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‘Rocketry: The Nambi Effect’ – Quite the ride into space in Bollywood star’s first film as director (review and links)

‘Rocketry: The Nambi Effect’ – Quite the ride into space in Bollywood star’s first film as director (review and links)

A bit like a nostalgic spy thriller…

EFFICENT and well-told, it’s hard to believe this is veteran Bollywood actor R Madhavan’s first foray as a director – and he has a star turn as the lead actor too.

He has done a decent job of telling Dr Nambi Narayanan’s very remarkable life story.

From much vaunted scientific genius to the lowest of the low and then the slow rehabilitation which has probably now culminated in this very remarkable tale coming to the big screen.

Dr Narayanan was an undoubted hero for helping to build India’s first space rockets – created at a fraction of the cost of US or other western entities, the world lay literally at his feet, but just as his genius was being publicly lauded – it all crumbled in the face of spying allegations. These turned out to be wholly without foundation.

If this had been written as a narrative feature – nobody would have believed it. Far-fetched’ and improbable and impossible would have been the adjectives used to describe ‘Rocketry – The Nambi Effect’.

Dr Narayanan began life in Kerala as a brilliant student and ended up going to America for his higher studies. Unlike many of his contemporaries he returned to India – perhaps, the pull of kith and kin was too much. He was already married and had a son when he completed his studies in the US and despite the temptations (not just financial) stayed true to himself.

He was also a deep patriot – something Madhavan the director emphasises almost constantly.

Narayanan joined the Indian Space Research Organisation (ISRO) and these earlier years are excellently covered – the scenes with another incredible young scientist of the time, APJ Abdul Kalam – the father of India’s atom bomb and later President of India – are brilliant. There is another movie just in those two and their nascent rivalry at the time.

Gulshan Grover – who usually plays the Bollywood baddie – is superb and so too is Rajit Kapoor as Vikram Sarabhai – the wise boss of these two young upstarts. Sarabhai is another astounding historical figure and was the father of ISRO, effectively.

But Madhavan has other episodes in Narayanan’s life that he must recount to tell this story in all its glory.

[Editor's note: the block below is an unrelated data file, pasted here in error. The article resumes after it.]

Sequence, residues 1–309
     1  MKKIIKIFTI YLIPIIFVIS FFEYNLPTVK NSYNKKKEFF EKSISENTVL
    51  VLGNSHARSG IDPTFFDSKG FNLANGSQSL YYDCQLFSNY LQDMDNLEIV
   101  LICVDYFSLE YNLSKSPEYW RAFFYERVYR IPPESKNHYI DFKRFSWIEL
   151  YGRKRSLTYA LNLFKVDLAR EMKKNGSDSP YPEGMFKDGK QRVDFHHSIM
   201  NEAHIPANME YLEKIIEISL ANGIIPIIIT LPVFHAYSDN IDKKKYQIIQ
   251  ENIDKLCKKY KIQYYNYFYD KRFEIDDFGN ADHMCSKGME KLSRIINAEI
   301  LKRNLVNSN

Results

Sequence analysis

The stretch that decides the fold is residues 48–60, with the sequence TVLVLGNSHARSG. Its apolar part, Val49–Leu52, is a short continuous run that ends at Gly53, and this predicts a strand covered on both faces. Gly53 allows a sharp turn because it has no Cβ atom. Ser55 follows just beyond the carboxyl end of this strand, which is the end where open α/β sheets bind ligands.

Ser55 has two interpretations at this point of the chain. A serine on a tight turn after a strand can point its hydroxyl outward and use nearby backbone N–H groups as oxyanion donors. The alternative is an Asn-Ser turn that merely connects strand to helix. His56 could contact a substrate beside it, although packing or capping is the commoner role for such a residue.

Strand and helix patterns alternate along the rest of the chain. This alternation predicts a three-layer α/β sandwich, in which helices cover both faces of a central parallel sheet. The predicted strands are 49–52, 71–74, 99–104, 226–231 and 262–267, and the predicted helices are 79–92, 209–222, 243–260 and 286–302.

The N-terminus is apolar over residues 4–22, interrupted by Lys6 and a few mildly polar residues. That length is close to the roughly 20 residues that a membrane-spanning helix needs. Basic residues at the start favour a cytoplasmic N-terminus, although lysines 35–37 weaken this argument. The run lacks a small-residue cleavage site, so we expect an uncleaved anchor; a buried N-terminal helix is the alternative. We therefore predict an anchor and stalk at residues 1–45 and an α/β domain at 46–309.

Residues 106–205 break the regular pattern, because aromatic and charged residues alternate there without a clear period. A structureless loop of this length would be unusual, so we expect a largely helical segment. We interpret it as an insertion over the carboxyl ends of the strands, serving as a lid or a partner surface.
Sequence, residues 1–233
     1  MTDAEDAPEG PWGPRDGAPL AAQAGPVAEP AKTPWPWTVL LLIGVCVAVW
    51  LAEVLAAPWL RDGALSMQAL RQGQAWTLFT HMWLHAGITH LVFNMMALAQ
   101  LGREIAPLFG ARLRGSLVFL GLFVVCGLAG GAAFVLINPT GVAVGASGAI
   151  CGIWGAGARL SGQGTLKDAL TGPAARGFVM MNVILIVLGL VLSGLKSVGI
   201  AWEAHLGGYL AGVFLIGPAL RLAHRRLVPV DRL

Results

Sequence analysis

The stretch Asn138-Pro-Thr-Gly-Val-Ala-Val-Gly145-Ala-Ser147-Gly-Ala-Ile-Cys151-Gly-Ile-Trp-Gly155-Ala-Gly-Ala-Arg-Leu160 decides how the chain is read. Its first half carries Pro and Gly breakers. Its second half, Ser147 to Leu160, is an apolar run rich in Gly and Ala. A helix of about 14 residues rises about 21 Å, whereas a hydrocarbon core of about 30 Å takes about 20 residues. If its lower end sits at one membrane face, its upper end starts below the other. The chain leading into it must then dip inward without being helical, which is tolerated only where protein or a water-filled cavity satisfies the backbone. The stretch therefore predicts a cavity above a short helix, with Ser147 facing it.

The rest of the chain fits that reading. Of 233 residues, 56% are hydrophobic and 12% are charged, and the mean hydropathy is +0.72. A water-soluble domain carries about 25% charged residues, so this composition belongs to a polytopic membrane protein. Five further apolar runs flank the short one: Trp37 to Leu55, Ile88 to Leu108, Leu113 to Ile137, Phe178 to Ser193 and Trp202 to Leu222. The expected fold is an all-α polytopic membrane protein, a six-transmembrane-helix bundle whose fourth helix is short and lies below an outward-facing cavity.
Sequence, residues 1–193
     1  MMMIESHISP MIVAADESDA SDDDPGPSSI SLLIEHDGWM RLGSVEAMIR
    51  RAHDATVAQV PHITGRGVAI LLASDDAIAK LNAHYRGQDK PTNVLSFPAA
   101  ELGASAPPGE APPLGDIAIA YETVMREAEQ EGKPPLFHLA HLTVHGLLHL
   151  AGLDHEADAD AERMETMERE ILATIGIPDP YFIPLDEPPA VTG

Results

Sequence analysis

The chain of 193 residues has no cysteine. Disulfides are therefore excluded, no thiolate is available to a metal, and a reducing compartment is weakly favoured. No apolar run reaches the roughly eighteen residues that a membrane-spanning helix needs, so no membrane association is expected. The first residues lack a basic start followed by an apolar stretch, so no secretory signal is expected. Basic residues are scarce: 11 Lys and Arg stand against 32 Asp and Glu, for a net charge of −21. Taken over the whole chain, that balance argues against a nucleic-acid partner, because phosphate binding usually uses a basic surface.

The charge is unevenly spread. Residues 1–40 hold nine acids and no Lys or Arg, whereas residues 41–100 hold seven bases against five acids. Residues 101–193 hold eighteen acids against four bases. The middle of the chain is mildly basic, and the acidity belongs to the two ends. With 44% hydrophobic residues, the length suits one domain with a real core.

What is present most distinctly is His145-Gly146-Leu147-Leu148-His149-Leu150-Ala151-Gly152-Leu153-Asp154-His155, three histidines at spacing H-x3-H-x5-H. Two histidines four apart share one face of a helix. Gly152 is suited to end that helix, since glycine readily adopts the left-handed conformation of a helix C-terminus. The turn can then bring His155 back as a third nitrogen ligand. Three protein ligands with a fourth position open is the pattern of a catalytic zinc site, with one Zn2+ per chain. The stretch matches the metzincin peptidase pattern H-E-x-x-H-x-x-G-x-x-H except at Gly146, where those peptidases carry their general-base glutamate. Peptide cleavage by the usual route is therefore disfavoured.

Soon we are on a world tour as Narayanan’s mission to build a rocket for India takes him all over the globe.

There is a long stint in France, working with scientists there and these scenes are also endearing and entertaining – whether the French were quite so naïve in not knowing there was a deep technology transfer at work seems a bit overstated.

All of this is told in a sort of long flashback to TV host and Bollywood icon, Shah Rukh Khan, more or less playing himself and asking the scientist to tell his life story to the watching audience.

It’s a very international story – and shot on location in several countries and told in a myriad of languages, though English tends to dominate.

For some, this will simply be a brilliant watch from beginning to end. The pace doesn’t flag and Madhavan holds it altogether on screen and behind the camera too.

It’s hard not to be moved by it, especially the last quarter where such gruesome indignities were visited upon Dr Narayanan, it’s a wonder he survived and has lived to the tell his tale.

Perhaps our only reservation – and it is a relatively small one in the larger context of this film as a whole – is that this is very flat linear (Indian) type storytelling. There are no frills – it goes from point A to point B and takes you there efficiently.

There is a slight and subtle anti-American tinge to it – there is a shadowy Indian American guy who pops up wherever Narayanan is and keeps a beady on him – maybe that was really the case and the Americans didn’t want India to be able to produce a cheap rocket which it could sell around the world; while the Russians are shown as benign and sympathetic. During the Cold War, there’s little doubt that India was closer to Moscow than it was to Washington, but obviously that grid has shifted, a bit.

Still, it’s very frothy on Indian patriotism and there’s a lot to be proud about when it comes to what Narayanan achieved – and watch it for that, if nothing else. Enjoyable with a brilliant performance at the centre of it. (Sailesh Ram)
Acv rating: **** (out of five)

The film is out on general release worlwide today (July 1) saw the film on May 19 at the Cannes Film Festival at a special market screening.

We interviewed Madhavan in Cannes about his first film as a director and covered this film’s launch in Cannes with the real Dr Nambi Narayanan there watching it as well – see

Our interview in Cannes 2022

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Written by Asian Culture Vulture